'Sticking' components together

I am trying to draw up a bowl which features staves in it’s construction. However, having drawn one of the staves, I’ve been trying to ‘assemble’ the bowl sides without too much success. Whilst I have used components for a while, I must confess having read through the tutorials and explanations, I can’t say I’ve really grasped how to specify, import correctly and generally use the component function. In this example I have been laboriously ‘sticking and rotating’ each component together, hence the additive error that has crept in to the assembly. Is there a quick way to accurately ‘stick’ the mating faces together?
Stave.skp (19.7 KB)

Use the Lathing function of the Follow Me tool.


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It seems you’re trying to develop the dimensions and angles of the stave for a given size of bowl.
Try the reverse. Model the staved bowl and then erase all except one stave.

Stave Component.skp (79.6 KB)

I notice my method of scaling made the interior/exterior faces of the stave non-parallel.

Here’s a fix for that:
Stave Component II.skp (83.5 KB)

Think of a Group or Component as a ‘container’ which serves to isolate geometry.
The geometry within the container is separate and protected from inadvertent alteration.
A Component in the model space is an instance (copy) of the Component Definition in the model file.
The power of instancing is when you edit one instance in the model space; SketchUp automatically updates the definition and all instances in the model.

I think your problems have little to do with components and a lot to do with how you drew the stave. You don’t say how you arrived at the compound angles or made the miter cuts, but it would be easy to introduce small errors at that stage. Plus, you are trying to create the bowl shape itself at a compound angle, which makes things difficult. It would be a lot easier to create it aligned with the model axes and then move or rotate it to final position as necessary.

One quick way to make an accurate component would be to use Gully’s technique and then “slice” the shape by drawing the top and bottom lines of the miters and then erasing the rest of the staves to isolate just the one. Afterward you can use a rotate/copy with a repeat of 12 to regenerate the bowl from the single stave.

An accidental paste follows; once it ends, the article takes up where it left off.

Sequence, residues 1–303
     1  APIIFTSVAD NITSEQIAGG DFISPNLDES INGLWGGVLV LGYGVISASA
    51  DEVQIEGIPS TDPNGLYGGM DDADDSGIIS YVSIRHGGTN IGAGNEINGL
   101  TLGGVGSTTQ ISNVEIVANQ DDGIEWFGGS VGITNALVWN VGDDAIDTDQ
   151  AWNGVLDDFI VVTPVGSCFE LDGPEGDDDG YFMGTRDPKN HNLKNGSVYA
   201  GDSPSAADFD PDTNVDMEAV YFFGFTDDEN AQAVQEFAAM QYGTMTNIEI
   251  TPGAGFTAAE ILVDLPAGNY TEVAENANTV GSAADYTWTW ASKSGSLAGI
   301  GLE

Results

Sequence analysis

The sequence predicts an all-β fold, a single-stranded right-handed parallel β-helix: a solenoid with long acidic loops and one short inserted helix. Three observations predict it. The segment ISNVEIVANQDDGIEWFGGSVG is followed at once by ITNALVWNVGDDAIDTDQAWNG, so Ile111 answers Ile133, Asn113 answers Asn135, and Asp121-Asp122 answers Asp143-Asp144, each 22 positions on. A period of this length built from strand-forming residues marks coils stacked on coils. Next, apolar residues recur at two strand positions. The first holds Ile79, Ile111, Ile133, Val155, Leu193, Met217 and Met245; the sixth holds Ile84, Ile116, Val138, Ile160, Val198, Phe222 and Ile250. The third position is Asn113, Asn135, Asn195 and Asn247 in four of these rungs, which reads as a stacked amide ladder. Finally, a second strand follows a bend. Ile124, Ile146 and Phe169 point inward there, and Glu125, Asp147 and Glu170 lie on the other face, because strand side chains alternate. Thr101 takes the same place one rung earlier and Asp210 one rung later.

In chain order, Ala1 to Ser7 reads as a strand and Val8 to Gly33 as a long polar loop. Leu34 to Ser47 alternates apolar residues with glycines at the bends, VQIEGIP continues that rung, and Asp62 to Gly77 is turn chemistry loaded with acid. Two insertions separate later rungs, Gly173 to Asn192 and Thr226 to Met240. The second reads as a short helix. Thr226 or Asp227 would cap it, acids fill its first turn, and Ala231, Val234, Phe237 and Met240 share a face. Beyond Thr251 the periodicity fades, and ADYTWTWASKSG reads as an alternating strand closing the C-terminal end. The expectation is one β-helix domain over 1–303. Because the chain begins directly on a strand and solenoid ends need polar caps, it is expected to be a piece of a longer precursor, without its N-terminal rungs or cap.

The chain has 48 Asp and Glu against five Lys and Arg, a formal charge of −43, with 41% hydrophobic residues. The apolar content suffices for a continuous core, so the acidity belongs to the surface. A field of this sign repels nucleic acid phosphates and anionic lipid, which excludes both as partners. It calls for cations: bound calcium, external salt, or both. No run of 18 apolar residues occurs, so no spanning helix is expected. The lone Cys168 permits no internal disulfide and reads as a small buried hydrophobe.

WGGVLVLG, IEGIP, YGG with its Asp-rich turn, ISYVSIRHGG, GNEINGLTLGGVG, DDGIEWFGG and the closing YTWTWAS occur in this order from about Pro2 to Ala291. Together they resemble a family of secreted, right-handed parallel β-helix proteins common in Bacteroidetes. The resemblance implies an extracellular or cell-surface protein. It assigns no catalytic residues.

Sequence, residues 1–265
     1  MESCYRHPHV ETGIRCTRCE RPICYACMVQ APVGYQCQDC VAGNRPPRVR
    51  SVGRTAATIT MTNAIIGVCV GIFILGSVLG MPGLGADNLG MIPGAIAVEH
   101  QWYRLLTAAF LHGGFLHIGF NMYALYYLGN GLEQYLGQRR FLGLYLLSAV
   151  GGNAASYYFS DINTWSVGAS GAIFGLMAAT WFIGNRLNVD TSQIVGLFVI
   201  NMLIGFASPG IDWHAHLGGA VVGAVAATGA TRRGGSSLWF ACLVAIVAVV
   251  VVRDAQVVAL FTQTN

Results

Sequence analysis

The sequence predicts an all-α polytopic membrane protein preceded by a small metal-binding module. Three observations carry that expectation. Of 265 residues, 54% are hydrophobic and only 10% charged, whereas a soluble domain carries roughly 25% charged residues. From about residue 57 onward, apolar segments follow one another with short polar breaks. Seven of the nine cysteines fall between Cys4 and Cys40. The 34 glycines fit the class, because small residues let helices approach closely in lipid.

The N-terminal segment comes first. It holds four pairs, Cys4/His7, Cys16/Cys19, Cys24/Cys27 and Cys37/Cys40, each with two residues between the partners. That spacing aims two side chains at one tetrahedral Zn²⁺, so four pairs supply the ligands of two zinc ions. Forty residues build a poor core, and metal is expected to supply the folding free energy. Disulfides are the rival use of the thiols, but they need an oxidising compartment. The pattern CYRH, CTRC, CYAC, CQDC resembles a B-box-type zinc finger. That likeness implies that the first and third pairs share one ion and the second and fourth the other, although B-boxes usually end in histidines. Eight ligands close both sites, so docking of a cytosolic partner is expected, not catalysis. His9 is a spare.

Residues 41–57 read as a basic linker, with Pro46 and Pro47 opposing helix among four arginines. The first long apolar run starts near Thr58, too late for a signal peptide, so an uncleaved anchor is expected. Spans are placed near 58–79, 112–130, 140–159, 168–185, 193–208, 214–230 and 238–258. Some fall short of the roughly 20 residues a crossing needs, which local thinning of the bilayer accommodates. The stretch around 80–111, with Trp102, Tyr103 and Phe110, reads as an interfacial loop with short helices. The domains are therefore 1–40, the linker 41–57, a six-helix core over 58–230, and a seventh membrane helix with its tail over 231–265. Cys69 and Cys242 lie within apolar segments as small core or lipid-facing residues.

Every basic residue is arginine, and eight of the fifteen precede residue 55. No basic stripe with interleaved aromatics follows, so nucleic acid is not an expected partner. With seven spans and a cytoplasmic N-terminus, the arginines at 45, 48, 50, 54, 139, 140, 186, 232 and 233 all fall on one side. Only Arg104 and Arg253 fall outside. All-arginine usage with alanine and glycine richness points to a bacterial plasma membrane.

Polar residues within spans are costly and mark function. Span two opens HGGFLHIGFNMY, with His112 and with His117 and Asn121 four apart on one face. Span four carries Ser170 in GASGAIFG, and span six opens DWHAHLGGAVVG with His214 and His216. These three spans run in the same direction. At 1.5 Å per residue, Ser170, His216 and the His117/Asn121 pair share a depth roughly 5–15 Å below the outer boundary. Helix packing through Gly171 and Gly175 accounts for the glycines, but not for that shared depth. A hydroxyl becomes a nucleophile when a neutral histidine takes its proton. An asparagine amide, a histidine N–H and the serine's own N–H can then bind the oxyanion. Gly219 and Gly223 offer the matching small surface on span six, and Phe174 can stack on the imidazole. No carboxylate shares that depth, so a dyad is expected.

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Perhaps it’s worth mentioning that if you want a model of the finished bowl but you don’t necessarily need each stave represented as a separable component, you can just turn the shape from a profile as @slbaumgartner and I have demonstrated and then just draw in one radial seam on the top (and bottom) and copy it around using a radial array. Also, if you want a bottom for the bowl, as I presume you do, you don’t have to construct it separately: you can include it in the original profile. Thus:


First, I would second all the advice given above. That said, I was fiddling around with the OP’s model just seeing if I could use his stave to make the item. Take a look at the gif and see if I’m missing something really obvious (a distinct possibility). It seems we should be able to capture endpoint inference. Maybe it doesn’t because it’s in the same component?


I think the problem is that you have opened the selected instance for edit and are moving the Face within its context, i.e. modifying the ComponentDefinition. The adjacent instance is simultaneously going through the same edit (watch it move too in the gif), so SketchUp is unable to determine where it is located before you finish!

HI Gully, and others!

I have used the follow me tool to generate the bowl, and then have isolated the lath. This is the part that has to be produced on the compound mitre saw. However, when I ‘measure’ the lath, using SU, I don’t get the same angles I have found in tables for compound mitres.
For example, a 12 sided bowl with a 30 degree angle, from tables, requires cutting angles of 14.511 and 3.841 degrees respectively. However, SU seems to leave the bevel angle at 15 degrees as if it is still a parallel sided bowl). Am I measuring incorrectly, or does SU simply average the sizes out. I was hoping to draw the bowls in SU, and use the dimensions from the resulting lath to set up my saw.